Surely 2011 will be the year of the website. Let’s face it, we more or less now all have some sort of web presence. Whether it is our Facebook page, blog or personal site selling anything from freelance writing skills and fine art, cushion covers to water filters? The number of web pages out there, whether selling, or some form of social networking, is bewildering. From what I can see, it seems that everyone is having a go.
Where once owning a website was the solely the domain of large corporate or big businesses, it has now become simple and cost effective enough for people to build a site almost speculatively and see what happens. As far as I understand it, you have build a good website, upload some juicy content, add great looking photographs and clever graphics, dream up some search engine friendly tag words to sum up the content on your site; sell some advertising space, maybe join Twitter too, then you can just sit back and wait for traffic to flood in. The resulting revenue will surely build from there? The assumption has been that no one can fail. But hang on a minute, is it really that simple? What exactly would you define as 'success'?
Surely as cyberspace gets increasingly clogged by websites dedicated to almost every topic under the sun, it will be harder to find what you are looking for. Perhaps users will get cynical, tire of endless online searching and falling for the flashiest looking sites? Advertisers might be unimpressed by low hit rates and wonder whether online marketing is all it’s cracked up to be. From what I understand, the ‘click through’ numbers of browsers who move from site to site this way, is very low (my rather pathetic Google Adsense income is testament to this). I’ve been running Google Ads on my blog for a year and a half now. My total income over that period is now pushing a heady 200 UK pounds – not exactly enough to live on and I am sure I’ve justified spending that blog money on the 'to die for' pair of jeans or cardigan at least a million times over! My post entitled 'Guinea Pig Adventures' has drawn a record number of hits compared to other posts I've written. I wondered why, until I discovered that 'Guinea Pig Adventures' is in fact a popular kids online game.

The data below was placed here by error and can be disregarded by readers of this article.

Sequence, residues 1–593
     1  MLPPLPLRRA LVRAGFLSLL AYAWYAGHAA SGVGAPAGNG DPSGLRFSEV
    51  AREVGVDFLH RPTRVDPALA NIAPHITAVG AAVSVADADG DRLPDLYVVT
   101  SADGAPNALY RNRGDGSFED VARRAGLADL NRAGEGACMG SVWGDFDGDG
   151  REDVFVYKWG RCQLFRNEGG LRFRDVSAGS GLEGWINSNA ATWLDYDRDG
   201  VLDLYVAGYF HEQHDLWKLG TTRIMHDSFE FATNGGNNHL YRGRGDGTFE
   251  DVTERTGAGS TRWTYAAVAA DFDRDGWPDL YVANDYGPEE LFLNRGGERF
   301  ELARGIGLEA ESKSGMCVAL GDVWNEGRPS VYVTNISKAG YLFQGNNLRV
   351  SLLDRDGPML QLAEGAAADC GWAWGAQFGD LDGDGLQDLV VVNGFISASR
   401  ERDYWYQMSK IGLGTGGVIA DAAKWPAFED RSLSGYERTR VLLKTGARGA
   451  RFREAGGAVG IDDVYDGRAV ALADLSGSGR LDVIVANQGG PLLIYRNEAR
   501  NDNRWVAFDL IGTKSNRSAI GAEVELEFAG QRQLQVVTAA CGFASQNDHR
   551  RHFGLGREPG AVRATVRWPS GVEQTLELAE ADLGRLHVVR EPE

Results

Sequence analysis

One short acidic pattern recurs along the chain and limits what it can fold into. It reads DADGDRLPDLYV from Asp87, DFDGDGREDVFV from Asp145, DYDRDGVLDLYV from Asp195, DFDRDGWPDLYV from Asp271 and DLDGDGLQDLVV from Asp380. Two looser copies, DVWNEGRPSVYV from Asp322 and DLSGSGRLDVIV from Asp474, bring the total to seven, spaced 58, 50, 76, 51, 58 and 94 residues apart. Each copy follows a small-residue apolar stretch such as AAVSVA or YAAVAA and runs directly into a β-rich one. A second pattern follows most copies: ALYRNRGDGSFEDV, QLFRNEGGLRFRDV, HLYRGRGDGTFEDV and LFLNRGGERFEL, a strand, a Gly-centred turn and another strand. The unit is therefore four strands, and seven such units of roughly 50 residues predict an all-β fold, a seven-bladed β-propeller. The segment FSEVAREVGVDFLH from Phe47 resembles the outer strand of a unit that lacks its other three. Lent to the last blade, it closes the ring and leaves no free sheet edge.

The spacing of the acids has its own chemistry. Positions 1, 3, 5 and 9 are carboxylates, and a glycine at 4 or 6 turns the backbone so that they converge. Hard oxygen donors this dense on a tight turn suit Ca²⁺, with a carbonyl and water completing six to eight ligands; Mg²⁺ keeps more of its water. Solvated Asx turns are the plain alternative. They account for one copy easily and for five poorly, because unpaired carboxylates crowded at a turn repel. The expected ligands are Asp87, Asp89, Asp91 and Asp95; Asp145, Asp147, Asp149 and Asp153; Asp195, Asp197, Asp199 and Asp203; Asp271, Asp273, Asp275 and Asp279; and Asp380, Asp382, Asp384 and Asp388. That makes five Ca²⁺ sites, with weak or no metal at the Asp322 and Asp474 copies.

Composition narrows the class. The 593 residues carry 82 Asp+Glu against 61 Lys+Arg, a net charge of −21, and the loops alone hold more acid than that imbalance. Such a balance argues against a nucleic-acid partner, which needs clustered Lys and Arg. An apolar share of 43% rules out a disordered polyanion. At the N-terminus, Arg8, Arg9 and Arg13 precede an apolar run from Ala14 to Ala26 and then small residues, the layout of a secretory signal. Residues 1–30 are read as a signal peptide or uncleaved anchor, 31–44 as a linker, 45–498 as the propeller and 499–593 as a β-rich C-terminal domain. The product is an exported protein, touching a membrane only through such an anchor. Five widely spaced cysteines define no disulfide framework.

Or am I missing a trick? I often get asked to contribute written material to new 'content hungry' websites which, for the past year or so, I've been doing gladly and gratis in order to raise my blog readership numbers (my cunning master plan is to have SO many readers that a publisher in his right mind can't fail to be tempted to print my almost finished, rather self indulgent, AMAZING book...however, am not sure how that whole plan is going to pan out....). Having watched my statistics for some time (they've risen only slightly since I've been dotting around all over the place on the world wide web) I'm now wondering if putting in the extra effort is worth it? Has the flattery gone to my head, making me into the world's biggest mug? It may be time to change strategy.
And there's another thing; it’s easy to make a website to look good but are they all truly delivering all they promise? How is policing all this? Most scarily, I have seen sophisticated websites for children’s charities appealing for donations, where in reality they turn out to be a very far cry from how they appear online. We’ve all fallen for buying clothes and shoes via online shops that turn out to be disastrous mistakes and difficult to return and let’s be honest, Ebay can be pretty hit and miss. In an era where it’s even possible to buy a swimming pool online, are ‘virtual’ customers really getting enough service and value for money for their purchases? Is shopping online for the canny, life's risk takers, or simply for the gullible?
I guess you could say that the backlash has already started with UK discount sites such as www.quidco.com and www.myvouchercode.co.uk . I’ve haven’t used these yet (I’m always slow on the uptake - my sister told me about them) but I understand that by using these sites you pick up voucher codes or even cash back on online purchases, saving on not just products but holidays, car hire, eating-out and even home insurance.
As we push boldly forward in 2011, let’s see if the universal appeal to own your own website or online domain eventually palls. Or conversely, will it turn out that only the most foolish have not jumped on the bandwagon? There's a certain amount of vanity in having your own website that is certainly seductive (I should know!). However, my instinct tells me that making money via social networking, blogging or scooping up new customers by advertising online just can’t be as easy as it looks - but I’d love for somebody to prove me wrong!